I was barely a year old when the Scottish Parliament signed an agreement with England declaring that when I reached the age of ten I would marry Prince Edward, the son of King Henry VIII. I was pledged to marry the "auld enemy"! That promise was not enough to satisfy King Henry. He demanded that I come to live in England until my marriage—for my safekeeping, he said. My mother refused to allow it. Fearing that King Henry would have me kidnapped, my mother moved me from Linlithgow Castle, where I was born, to Stirling Castle, far north of the border and better fortified against an English attack. But still my mother did not feel easy. We moved again, to an even more remote castle.
While we were there, news came from England that Henry VIII had died. Nine-year-old Edward was the new king. I was four.
"I am certain it is safe now," said my mother. "We can go home to Stirling."
But she was wrong. The English continued their attacks along the border. They mowed down ten thousand Scots in the Battle of Pinkie Cleugh and began the march to Stirling. In the dead of night my mother and I were bundled onto a litter and carried to an Augustinian priory on a quiet lake far from the smoke and noise of battle. Within a few days the Four Maries and their mothers joined us on the island of Inchmahome. I would have happily stayed on that pretty island, unaware of the bloody fighting that still raged, chasing butterflies, gathering eggs from the hens’ nests, and devouring the rich buns the monks baked for us every morning.
My mother now made a decision that would determine the course of my life: Instead of marrying Edward, the new king of England, I would marry the future king of France. But the future had its beginning in the present. "Until you are old enough for marriage, you will live at the French court and learn their language and their ways," said my mother. "Someday the king’s son, the little dauphin, will become king, and you will be queen of France."
"What is the laddie called?" I asked—my first question.
"His name is François de Valois. He is four years old, a little younger than you."
"You are coming too, are you not, Maman?" I asked.
"Non, Marie," she said. "I must stay here. But your nurse and your governess will go with you, and Lord Erskine and Lord Livingston as your guardians, and the Four Maries, and your three Stuart half brothers, and many others who know and love you. When you arrive in France you will have your grandparents and your uncles to look after you, and the king of France and his children will welcome you into their family. You will not be lonely, Marie—I promise."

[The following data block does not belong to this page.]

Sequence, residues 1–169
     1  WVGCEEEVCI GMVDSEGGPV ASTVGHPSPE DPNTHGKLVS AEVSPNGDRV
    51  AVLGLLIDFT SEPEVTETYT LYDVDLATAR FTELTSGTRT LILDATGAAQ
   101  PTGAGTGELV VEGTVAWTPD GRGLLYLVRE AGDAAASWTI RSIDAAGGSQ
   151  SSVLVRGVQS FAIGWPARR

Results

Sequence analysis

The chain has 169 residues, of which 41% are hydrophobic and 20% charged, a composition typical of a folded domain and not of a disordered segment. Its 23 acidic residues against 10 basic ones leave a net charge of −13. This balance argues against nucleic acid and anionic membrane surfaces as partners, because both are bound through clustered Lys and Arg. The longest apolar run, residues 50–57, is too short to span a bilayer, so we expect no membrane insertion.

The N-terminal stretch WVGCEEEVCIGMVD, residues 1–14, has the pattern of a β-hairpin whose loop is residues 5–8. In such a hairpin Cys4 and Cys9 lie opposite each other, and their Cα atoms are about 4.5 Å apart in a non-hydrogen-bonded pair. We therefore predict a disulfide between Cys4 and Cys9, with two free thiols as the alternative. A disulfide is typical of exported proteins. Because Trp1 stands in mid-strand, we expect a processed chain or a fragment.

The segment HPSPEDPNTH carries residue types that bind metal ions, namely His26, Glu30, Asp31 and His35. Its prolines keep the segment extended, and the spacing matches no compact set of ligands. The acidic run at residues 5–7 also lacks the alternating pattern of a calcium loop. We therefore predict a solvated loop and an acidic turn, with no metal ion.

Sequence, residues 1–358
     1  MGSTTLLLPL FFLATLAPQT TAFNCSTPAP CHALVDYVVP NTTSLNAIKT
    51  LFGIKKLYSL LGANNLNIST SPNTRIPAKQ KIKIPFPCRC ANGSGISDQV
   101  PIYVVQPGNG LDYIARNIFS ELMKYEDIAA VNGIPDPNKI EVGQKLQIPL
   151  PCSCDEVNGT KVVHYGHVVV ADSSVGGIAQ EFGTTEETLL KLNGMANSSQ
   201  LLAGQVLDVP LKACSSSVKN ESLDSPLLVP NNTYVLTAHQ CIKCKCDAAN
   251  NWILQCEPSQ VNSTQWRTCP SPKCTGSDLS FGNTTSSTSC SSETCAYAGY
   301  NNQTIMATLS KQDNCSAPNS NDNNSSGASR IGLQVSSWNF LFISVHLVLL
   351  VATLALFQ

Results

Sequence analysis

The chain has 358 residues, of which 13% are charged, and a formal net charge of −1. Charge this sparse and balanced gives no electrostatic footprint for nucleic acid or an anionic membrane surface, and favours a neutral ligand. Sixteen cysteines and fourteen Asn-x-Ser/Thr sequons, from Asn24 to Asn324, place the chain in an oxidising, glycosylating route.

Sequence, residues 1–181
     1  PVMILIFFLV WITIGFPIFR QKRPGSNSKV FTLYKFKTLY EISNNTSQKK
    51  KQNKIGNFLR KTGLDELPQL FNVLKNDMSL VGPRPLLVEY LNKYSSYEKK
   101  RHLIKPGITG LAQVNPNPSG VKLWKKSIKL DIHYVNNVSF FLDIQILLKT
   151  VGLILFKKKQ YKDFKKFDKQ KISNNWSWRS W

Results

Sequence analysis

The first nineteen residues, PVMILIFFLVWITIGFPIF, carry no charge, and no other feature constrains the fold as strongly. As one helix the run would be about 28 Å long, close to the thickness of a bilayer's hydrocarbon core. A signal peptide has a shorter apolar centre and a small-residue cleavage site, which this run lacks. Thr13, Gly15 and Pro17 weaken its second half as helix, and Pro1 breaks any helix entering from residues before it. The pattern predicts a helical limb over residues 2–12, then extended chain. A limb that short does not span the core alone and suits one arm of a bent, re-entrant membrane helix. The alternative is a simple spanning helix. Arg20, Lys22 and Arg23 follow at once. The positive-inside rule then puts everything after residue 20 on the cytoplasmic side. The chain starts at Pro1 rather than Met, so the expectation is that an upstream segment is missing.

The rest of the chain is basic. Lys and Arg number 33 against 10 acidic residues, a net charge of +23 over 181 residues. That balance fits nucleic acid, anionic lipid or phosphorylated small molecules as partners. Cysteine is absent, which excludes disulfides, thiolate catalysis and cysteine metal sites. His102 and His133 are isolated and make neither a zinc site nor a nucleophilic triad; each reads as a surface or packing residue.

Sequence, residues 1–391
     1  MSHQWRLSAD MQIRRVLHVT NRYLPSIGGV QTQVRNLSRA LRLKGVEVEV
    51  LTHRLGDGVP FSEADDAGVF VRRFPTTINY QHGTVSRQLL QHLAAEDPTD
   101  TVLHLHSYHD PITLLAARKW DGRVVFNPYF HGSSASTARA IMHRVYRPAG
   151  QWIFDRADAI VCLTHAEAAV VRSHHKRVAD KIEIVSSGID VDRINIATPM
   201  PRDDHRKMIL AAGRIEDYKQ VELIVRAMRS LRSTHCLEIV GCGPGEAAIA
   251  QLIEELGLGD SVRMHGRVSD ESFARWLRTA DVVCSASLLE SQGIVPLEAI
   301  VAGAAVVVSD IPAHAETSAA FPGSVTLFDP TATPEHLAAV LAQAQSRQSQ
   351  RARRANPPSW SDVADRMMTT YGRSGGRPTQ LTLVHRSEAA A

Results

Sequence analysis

"Then you will come later," I insisted stubbornly.
"Oui, my darling child," she said, smiling. "Later."
Her smile was a lie. I sensed the tears behind it, ready to pour again at any moment. I knew without asking that once I left Scotland, my life would change. I could not possibly imagine how much.
To prepare for my departure for France, we moved again, this time to Dumbarton Castle, in the far west of Scotland. The ancient fortress was built high on a rocky mound where winds howled and rains lashed, and no English soldier would dare scale the steep rock face that jutted straight up from the water and overlooked the Firth of Clyde, where the river joined the sea. To avoid the English ships, the French fleet had taken a long and dangerous route to reach me, sailing around the northern end of Scotland before heading southward to Dumbarton.
I hated to see my mother weep, but on the day those French ships appeared in the firth, I was too filled with excitement to be overly concerned. The king of France had sent his ships to fetch me! I was going to marry the king’s son, and one day I would be the queen of France! I loved the sound of that: queen of France. Even my mother did not have such a splendid title. While my father was alive, she had been titled the queen consort of Scots. Now she was known as the queen mother, meaning that her husband, the king, was dead and she was in charge of things in the kingdom until I, her child, was old enough to rule as queen of Scots.